|Category||Comedy||Main Menu Audio
Featurette - Spotlight On Location (15:40)
Theatrical Trailer - 1.85:1, not 16x9, Dolby Digital 2.0 (2:16)
Biographies - Cast and Crew
DVD-ROM Extras - Web Site Mirror
Notes - DVD Newsletter
|Running Time||87:09 minutes|
|Case||Transparent Soft Brackley|
|Pan & Scan/Full Frame||No/No||English (Dolby Digital 5.1, 384
German (Dolby Digital 5.1, 384 Kb/s)
|Widescreen Aspect Ratio||1.85:1|
|Theatrical Aspect Ratio||1.85:1||
|Annoying Product Placement||No|
|Action In or After Credits||No|
Be warned. This is dire - very, very, very dire. Indeed, so dire that it really should be avoided at all costs. When this came up for review allocation, there was a resounding silence amongst the review team. On the basis that I did review the earlier film The Flintstones, I got the nod for doing this one. I think that the problem is that life in general is rarely fair, but to have to review this title is really a clear indication that not only is life not fair but that it is also has a very sick sense of humour. This is enough to drive a suicidal, manic depressant to finally commit it. Can I make it any clearer? Avoid this DVD at all costs!
There is no real plot here at all, but what anything but laughingly passes for one is as follows. Fred Flintstone (Mark Addy) and Barney Rubble (Stephen Baldwin) are the quintessential loser bachelors in Bedrock. The height of their dreary lives is that they have just qualified to become rock quarry workers. One night they come into contact with an alien, Gazoo (Alan Cumming) who has been banished to Earth to study the mating rituals of humans. He could not have found a more unlikely pair to study. Cue one Wilma Slaghoople (Kristen Johnston), daughter of wealthy Bedrock socialites Colonel Slaghoople (Harvey Korman) and Pearl Slaghoople (Joan Collins). Wilma wants to become one of the ordinary people and in disgust of the thought of becoming her mother, she says ta-ta to erstwhile sleazy wealthy wanna-be boyfriend Chip Rockefeller (Thomas Gibson) and heads off in search of normality in Bedrock. She lands at the local Bronto King where her waitress is one Betty O'Shale (Jane Krakowski), who in her upbeat manner takes Wilma under her wing. We now have the main characters and have to endure the story of how Barney and Betty and Fred and Wilma became two couples. Just in case you were wondering, Chip invites the four of them to his new casino in Rock Vegas as a ruse to get his Wilma back. Hence the name of the film.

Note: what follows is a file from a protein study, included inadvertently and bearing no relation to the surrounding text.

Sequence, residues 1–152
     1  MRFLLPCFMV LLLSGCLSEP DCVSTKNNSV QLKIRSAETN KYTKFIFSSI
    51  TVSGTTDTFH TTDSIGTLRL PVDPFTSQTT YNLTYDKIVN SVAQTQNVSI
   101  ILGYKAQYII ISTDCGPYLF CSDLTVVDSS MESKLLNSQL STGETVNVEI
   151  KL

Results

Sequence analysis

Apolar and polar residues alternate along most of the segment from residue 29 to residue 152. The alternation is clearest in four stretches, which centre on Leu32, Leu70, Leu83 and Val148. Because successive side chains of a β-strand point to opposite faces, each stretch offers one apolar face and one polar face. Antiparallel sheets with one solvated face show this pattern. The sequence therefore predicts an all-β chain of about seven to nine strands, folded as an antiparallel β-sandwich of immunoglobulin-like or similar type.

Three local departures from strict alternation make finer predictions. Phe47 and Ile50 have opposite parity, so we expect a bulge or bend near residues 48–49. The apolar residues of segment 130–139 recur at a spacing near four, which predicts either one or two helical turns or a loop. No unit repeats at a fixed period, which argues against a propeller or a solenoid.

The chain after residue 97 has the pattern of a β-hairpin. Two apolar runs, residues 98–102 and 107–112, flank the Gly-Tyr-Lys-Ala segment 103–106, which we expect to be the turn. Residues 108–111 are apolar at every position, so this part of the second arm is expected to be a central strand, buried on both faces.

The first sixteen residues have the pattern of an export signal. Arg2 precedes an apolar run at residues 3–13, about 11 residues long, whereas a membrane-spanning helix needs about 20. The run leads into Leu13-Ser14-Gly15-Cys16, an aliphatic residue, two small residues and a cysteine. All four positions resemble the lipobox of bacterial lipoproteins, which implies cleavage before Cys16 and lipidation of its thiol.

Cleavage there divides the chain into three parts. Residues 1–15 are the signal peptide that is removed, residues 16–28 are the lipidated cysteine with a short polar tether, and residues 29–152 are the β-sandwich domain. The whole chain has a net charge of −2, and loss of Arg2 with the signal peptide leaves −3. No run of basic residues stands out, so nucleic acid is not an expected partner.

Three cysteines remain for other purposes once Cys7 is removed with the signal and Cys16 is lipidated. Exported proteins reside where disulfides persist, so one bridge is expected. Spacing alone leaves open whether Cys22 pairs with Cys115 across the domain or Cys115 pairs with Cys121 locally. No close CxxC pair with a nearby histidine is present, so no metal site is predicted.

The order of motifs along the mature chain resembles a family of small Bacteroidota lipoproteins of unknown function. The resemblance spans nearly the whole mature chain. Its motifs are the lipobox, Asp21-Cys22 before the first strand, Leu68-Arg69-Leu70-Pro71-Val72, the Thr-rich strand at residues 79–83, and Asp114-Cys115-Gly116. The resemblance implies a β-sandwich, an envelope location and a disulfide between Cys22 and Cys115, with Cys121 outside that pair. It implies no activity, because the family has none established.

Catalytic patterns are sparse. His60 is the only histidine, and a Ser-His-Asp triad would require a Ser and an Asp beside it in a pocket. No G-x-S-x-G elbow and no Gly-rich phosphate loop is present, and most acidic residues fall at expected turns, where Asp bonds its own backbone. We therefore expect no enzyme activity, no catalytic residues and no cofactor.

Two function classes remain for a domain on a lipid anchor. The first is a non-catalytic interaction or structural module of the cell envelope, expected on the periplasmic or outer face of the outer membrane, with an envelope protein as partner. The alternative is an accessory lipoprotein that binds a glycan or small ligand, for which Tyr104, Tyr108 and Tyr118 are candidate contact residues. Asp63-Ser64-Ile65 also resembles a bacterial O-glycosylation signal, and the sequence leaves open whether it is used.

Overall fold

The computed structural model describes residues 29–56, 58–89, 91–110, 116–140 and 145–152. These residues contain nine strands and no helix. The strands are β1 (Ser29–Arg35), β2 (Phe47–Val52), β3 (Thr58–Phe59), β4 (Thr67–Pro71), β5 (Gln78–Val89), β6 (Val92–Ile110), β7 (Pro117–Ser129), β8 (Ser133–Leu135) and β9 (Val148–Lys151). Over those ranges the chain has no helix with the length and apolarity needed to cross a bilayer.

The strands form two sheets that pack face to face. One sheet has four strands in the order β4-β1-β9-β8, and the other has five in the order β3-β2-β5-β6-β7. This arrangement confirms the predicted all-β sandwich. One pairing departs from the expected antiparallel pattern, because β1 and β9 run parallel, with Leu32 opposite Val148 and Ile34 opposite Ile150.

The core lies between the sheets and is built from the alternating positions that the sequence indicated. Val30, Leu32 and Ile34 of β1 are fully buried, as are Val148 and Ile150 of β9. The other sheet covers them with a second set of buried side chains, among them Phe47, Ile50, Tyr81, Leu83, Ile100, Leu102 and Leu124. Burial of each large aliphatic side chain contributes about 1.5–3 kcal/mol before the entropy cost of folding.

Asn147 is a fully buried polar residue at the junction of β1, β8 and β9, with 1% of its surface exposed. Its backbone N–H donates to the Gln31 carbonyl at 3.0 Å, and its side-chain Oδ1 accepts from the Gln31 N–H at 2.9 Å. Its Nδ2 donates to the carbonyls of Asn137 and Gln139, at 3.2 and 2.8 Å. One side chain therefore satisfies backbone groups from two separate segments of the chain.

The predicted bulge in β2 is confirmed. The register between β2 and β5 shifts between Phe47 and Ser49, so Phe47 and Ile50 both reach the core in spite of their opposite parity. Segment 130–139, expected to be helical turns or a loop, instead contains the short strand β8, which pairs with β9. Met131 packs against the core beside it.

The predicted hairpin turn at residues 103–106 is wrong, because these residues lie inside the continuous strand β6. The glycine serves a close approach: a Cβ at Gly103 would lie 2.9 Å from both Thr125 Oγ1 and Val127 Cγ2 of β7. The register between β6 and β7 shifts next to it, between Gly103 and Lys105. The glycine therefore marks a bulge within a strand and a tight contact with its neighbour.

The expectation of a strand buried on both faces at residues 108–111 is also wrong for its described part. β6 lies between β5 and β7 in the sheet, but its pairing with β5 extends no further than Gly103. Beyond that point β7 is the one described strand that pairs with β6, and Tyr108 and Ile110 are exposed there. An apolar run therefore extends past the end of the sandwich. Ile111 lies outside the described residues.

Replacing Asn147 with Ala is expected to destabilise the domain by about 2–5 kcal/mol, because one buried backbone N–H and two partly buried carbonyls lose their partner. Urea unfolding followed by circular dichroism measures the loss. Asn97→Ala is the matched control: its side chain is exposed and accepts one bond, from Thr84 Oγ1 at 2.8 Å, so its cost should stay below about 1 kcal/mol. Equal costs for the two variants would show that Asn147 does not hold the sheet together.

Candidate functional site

This is a fairly dire story and one can only ponder what was going through the minds of the gurus at Amblin Entertainment and Universal Studios when they approved this piece of manure for production. The only thing remotely saving this from inclusion in my list of worst films of all time is the presence of Kristen Johnston and Jane Krakowski. Indeed, had any sense been applied to the making of this film, they should have forgotten everything else and just let these two do anything they wanted to do - at least the eye candy value would have made up for the direness of this film. Funnily enough, Jane Krakowski makes a far, far better Betty than did Rosie O'Donnell in the original film. The rest of the cast here, though, are not as well cast as in the original. Now if they really want to resurrect the franchise in live action film (and pray to god that the madman Brian Levant is not let loose on it) just cast John Goodman, Elizabeth Perkins and Rick Moranis with Jane Krakowski and things would really improve. Since Stephen Baldwin cannot act to save his life, nothing was expected from him and that was precisely what we get to see - nothing worthwhile watching. Indeed, he single-handedly manages to drag the film into even deeper manure and destroys the Barney Rubble character in the process. Mark Addy probably wonders why he ever got involved with this effort and it is another example of his big break into Hollywood being a complete flop - which I might add was not his fault as I doubt that anyone, not even Laurence Olivier, could have done anything with this screenplay. And please pray that they remove Brian Levant from any further projects involving The Flintstones.